Whether it’s completing the medical assisting program, finding a medical assisting job or engaging in a successful medical assisting career, there are specific skills and traits that are important to achieve these goals. Below is a list of skills and traits that are important for hopeful and practicing medical assistants:
Medical assistants must be proficient in the utilization of medical equipment and instruments. Medical assistants must be able to consistently and accurately take a patient’s vital signs as other medical professionals will rely on those measurements in order to plan a patient’s course of treatment.
Medical assistants will utilize their past training and experiences to interpret medical charts and understand medical concepts as they are applied to the real world and actual patients.
Today, most individuals possess a basic understanding of using a computer, but additional computer software skills and experience in medical software, spreadsheet and database programs is essential for working as a medical assistant, especially one that provides administrative support to a medical office.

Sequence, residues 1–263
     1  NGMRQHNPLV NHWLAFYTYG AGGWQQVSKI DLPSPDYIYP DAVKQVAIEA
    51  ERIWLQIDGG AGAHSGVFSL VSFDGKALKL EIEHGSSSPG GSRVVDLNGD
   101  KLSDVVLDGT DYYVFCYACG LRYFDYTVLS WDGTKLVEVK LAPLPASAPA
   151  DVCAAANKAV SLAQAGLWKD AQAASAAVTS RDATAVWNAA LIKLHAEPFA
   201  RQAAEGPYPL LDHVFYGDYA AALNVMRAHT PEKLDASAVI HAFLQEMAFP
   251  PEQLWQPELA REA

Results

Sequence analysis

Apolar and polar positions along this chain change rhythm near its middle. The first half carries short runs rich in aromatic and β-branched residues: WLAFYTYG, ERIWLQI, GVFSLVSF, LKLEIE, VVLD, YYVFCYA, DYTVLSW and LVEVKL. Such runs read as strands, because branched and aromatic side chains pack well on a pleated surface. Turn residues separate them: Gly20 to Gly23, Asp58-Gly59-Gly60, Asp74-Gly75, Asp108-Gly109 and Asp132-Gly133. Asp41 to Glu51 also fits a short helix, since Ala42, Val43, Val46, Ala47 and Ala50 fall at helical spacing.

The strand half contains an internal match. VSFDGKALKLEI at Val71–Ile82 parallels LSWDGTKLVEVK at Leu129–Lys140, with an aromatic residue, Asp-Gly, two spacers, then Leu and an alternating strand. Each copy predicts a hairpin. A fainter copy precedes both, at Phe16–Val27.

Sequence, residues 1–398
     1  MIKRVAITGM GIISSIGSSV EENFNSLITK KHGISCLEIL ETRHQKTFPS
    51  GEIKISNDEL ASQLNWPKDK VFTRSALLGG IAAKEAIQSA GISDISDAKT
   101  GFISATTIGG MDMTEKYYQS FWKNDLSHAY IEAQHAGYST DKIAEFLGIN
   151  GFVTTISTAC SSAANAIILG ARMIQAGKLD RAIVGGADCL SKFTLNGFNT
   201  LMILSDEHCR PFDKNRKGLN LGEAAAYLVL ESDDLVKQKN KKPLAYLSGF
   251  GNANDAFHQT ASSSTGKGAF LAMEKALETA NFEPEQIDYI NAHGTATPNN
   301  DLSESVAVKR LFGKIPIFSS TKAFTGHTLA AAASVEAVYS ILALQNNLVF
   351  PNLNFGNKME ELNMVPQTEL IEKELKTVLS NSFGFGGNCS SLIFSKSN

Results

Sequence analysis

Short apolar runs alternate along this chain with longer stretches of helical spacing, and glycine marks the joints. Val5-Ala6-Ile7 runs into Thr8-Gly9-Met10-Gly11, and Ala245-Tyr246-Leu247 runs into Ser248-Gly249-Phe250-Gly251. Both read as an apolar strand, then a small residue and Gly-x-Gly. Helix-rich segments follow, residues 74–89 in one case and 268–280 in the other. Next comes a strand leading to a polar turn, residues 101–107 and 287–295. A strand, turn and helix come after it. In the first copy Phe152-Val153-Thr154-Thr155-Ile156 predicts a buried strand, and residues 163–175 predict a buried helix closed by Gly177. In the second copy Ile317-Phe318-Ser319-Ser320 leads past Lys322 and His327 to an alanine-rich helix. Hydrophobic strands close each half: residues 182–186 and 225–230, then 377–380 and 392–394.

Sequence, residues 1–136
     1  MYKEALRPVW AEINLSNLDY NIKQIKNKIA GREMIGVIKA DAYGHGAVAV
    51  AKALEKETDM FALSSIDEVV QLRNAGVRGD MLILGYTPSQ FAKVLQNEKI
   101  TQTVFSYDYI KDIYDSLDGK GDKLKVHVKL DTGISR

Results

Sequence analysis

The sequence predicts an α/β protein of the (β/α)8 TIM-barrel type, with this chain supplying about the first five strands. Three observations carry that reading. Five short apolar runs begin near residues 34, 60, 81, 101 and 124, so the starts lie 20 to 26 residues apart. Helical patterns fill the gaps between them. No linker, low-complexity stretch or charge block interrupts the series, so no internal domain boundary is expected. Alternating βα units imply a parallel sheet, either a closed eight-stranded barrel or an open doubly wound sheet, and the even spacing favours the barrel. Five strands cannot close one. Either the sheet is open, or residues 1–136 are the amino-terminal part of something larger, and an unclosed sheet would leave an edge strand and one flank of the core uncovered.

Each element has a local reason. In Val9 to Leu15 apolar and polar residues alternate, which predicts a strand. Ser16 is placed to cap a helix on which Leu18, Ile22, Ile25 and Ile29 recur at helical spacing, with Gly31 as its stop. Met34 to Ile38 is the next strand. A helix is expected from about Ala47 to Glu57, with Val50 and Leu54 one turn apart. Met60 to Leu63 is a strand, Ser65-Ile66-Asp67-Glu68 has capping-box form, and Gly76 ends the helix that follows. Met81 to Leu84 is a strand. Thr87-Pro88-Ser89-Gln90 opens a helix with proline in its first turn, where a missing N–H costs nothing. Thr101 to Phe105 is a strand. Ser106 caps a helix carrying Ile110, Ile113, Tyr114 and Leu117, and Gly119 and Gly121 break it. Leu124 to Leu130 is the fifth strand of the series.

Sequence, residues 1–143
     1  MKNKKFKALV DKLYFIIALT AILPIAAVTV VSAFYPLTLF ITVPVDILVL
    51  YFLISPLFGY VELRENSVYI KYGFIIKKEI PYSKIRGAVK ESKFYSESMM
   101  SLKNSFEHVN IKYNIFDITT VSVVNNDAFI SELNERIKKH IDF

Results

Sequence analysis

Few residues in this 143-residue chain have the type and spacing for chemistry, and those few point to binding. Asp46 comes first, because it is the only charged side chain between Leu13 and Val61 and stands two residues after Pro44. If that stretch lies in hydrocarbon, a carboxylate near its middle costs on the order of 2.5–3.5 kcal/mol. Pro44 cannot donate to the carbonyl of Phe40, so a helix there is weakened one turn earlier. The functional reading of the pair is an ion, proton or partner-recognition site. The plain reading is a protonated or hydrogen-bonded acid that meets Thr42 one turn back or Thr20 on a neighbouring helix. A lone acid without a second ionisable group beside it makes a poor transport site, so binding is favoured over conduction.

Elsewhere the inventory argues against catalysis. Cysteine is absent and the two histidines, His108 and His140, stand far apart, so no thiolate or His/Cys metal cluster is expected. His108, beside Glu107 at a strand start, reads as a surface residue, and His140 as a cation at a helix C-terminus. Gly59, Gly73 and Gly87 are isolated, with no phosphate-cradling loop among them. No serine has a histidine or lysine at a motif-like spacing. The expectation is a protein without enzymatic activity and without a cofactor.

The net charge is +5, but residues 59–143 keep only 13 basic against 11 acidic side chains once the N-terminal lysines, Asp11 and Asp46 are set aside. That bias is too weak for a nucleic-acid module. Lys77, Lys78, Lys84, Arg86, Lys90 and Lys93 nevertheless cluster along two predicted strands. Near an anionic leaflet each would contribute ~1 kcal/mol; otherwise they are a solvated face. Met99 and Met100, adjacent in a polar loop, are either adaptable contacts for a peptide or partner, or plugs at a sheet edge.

Prior work experience:
The higher paying medical assisting jobs are highly competitive, so prior work experience is valued in that it will help recently hired medical assistants hit the ground running. It will also improve their educational quality as it helps put what is learned in the classroom into the proper real world context.
Medical assistants work with both patients and medical staff. Medical assistants must be able to effectively communicate with both the lay patient who may not understand a single medical concept, to a veteran medical doctor who speaks primarily in industry shorthand, lingo and acronyms.